FALSE: There is no requirement in the Federal Bankruptcy Code or the Local Rules of the Bankruptcy Court that disallow a person from filing for Bankruptcy relief if they are employed. Income does play a huge rule in what options you ultimately have; however, the mere fact of being employed does not prohibit you from filing for bankruptcy relief.

The more important question to look at is how much income a person earns. People filing for Bankruptcy are required to complete the Means Test. This test requires an examination of 6 months of income and certain deductions. The results from this test will help in determining whether you qualify for filing for Bankruptcy relief.

Myth #15: I want to file bankruptcy but keep my business out of it.

FALSE: While a person can file for Bankruptcy relief and continue to operate their business, they are still required to disclose certain information to the Bankruptcy Court. There are two main components when a person files a Bankruptcy case, assets and income.

As far as income goes, income earned from this business must be disclosed and will go into the examination of whether a person actually qualifies for a Bankruptcy. Moreover, all of the person’s assets must be disclosed to the Court. A person’s ownership of a business is part of these assets. Therefore, you would need to determine the assets of the business and ultimately the value of this business to a third party. This valuation will then be disclosed to the Court and depending on how much it’s worth, the Court will determine whether they will liquidate that business or whether they will allow the Debtor to keep and continue operating the business.

Myth #16: I’m worried that all of my creditors will show up at the 341 Meeting of Creditors and harass me.

FALSE: Our experienced Bankruptcy attorney has been practicing Bankruptcy Law since 2009. During that time, it is quite evident that creditors actually rarely appear at these hearings. Yes, they have the option/ability to and yes, the hearing is called “Meeting of Creditors”, but it is extremely rare that they do. In general, the only parties that actually participate in that hearing is the Debtor (i.e., person who has filed for Bankruptcy), the Trustee (i.e., Court appointed person to administer the case), and the Debtor’s Attorney.

Myth #17: I have equity in my house so I can’t file bankruptcy because the Court will take my house.

FALSE: While it is a possibility that the Bankruptcy Court and the Court Appointed Trustee do liquidate your home, it is rare this actually happens. When a person files for Bankruptcy, they are also allowed to Exempt (i.e., protect) certain assets up to certain amounts. As long you have enough Exemptions (i.e., protection) to cover the equity in your home, the Court and Trustee are disallowed form taking and selling your home. Here in California, you can Exempt (i.e., protect) up to $600,000.00 of equity in your home and once you’ve done that, the house is safe.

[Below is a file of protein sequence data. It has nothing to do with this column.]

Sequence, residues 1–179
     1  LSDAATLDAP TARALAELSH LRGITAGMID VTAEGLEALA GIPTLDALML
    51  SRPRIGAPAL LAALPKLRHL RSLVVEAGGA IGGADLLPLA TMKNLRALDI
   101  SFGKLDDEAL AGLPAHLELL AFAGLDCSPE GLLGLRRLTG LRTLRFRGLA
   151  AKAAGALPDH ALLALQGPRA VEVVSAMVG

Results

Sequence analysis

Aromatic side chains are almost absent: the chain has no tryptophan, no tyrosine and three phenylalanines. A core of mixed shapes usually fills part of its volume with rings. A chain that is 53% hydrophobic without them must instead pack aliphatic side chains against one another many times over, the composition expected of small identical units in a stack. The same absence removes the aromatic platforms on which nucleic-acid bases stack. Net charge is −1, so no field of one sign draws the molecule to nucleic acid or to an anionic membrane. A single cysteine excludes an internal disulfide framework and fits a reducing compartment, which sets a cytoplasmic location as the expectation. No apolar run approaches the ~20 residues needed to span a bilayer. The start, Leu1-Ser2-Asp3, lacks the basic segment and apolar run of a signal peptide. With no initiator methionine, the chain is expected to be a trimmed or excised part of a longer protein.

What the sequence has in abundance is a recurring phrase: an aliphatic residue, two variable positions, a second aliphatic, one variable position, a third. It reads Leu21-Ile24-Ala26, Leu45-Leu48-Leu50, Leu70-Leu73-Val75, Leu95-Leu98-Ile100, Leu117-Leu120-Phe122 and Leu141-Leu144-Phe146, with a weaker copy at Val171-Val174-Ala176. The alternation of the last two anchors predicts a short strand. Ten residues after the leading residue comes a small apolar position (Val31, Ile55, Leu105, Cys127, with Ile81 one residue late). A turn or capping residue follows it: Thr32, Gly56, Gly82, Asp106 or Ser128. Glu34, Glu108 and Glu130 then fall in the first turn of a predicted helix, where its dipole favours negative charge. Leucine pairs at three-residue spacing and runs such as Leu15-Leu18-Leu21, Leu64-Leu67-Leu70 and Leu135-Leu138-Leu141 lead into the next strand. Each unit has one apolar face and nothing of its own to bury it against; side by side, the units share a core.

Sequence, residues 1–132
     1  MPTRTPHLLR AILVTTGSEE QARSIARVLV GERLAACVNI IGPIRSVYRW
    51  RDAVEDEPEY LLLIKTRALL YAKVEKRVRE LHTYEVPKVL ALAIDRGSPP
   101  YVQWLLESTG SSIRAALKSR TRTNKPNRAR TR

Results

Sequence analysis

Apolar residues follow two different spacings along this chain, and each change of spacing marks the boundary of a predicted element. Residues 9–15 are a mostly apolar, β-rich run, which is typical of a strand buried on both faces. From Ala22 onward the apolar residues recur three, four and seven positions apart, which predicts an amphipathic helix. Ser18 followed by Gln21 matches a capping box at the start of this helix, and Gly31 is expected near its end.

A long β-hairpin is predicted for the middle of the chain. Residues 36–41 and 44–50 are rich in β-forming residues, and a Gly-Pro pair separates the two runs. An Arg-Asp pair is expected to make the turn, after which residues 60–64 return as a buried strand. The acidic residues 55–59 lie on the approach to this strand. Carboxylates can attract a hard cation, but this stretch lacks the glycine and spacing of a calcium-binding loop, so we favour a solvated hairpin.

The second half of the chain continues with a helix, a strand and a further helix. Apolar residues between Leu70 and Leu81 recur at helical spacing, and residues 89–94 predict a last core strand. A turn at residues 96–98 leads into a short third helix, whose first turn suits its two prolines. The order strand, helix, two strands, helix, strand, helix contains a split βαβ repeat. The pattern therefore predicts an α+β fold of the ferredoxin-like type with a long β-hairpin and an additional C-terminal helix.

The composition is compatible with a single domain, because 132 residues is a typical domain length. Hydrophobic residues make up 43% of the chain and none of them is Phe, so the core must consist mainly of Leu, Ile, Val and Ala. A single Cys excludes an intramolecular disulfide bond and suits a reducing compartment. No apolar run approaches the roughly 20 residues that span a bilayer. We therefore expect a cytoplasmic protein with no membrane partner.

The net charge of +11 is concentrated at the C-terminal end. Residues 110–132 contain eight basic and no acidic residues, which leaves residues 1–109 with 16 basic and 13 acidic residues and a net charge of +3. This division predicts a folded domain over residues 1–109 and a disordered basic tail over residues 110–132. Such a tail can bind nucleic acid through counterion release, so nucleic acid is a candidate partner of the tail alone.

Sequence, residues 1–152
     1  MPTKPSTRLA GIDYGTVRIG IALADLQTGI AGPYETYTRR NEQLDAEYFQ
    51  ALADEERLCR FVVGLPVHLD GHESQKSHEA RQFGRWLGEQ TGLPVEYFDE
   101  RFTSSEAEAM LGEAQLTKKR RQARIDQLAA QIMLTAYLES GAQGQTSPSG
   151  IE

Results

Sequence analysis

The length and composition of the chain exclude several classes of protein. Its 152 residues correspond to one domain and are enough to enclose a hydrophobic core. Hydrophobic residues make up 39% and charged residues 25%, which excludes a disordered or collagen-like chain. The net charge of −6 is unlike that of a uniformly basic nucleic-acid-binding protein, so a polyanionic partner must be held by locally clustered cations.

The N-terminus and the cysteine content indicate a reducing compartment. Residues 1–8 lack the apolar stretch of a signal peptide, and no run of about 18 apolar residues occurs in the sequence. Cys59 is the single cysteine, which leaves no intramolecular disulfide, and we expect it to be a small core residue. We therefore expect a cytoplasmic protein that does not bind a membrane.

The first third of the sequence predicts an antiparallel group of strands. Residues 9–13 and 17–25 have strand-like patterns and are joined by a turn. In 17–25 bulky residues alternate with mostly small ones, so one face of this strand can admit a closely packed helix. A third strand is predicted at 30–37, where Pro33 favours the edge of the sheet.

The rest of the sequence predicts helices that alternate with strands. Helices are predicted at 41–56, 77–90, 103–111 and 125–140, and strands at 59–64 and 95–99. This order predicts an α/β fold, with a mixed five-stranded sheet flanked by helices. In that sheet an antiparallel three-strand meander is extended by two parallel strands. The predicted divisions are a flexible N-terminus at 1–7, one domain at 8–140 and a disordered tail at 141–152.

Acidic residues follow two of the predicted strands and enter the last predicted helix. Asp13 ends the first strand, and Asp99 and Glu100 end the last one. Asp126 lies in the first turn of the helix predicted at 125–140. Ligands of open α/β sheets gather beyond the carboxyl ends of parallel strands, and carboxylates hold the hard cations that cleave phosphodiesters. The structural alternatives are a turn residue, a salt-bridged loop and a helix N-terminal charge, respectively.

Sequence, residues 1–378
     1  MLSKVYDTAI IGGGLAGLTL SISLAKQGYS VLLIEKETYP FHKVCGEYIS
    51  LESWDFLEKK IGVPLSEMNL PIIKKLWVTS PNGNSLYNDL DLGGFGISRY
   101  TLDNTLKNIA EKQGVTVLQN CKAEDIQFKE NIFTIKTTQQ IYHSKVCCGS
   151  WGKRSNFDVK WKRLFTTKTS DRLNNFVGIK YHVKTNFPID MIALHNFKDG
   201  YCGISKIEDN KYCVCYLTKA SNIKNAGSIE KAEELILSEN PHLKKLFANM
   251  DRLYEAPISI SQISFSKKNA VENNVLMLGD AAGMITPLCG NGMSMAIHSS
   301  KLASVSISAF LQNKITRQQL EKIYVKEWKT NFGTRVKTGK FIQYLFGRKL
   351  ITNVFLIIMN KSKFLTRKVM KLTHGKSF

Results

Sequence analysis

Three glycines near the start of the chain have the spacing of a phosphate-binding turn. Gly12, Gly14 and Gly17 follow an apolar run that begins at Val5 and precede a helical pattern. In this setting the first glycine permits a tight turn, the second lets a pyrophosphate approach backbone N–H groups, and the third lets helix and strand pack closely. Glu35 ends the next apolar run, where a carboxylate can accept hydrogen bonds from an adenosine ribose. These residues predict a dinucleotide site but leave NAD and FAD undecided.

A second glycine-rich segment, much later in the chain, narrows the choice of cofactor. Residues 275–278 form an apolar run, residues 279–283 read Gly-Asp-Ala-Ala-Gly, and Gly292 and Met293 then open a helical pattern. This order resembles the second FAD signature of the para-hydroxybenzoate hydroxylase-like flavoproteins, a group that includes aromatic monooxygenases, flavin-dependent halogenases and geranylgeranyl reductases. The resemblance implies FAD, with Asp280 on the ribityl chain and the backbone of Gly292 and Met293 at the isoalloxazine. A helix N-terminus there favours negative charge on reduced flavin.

Myth #18: Since I’m filing Bankruptcy, I won’t have to pay on my car again.

FALSE: While this is technically true, it really depends on what you want to do with that car. If you no longer wish to keep the car for whatever the reason is (can’t afford it, don’t like it, etc.), then you can surrender the vehicle to the lender and you’ll never be obligated to pay on it again---as long as you file for Bankruptcy and receive a discharge of course. However, if you are wanting to keep the car, you will need to continue paying on it. You do technically discharge your personal obligation on the debt but the lender keeps their lien. The lender will generally allow you to keep the car as long as you voluntarily continue making the monthly payments on it.

Myth #19: Hiring a Bankruptcy Attorney is a waste of money; I can do it myself!

FALSE: Good luck! If you make a mistake or don’t understand certain rules, you are putting your assets and income, among other things, at risk. Our office even accepts payment plans for people who can’t pay the fees up front.

Myth #20: I only have one car so the Bankruptcy Court can’t take my only car!

FALSE: It does not matter whether you have one car or twenty cars. The true analysis focuses on how much equity is your car(s) and how much of that equity you can Exempt (i.e., protect). Person A can own 1 car that is completely paid off and is worth $20,000.00 and the Court could potentially liquidate that one car. On the other hand, Person B could have ten cars with a total of $5,000.00 of equity and he/she could potentially Exempt (i.e., protect) each of those ten cars. Exemptions are a crucial part of understanding Bankruptcy Law.


Don’t believe everything you hear or read!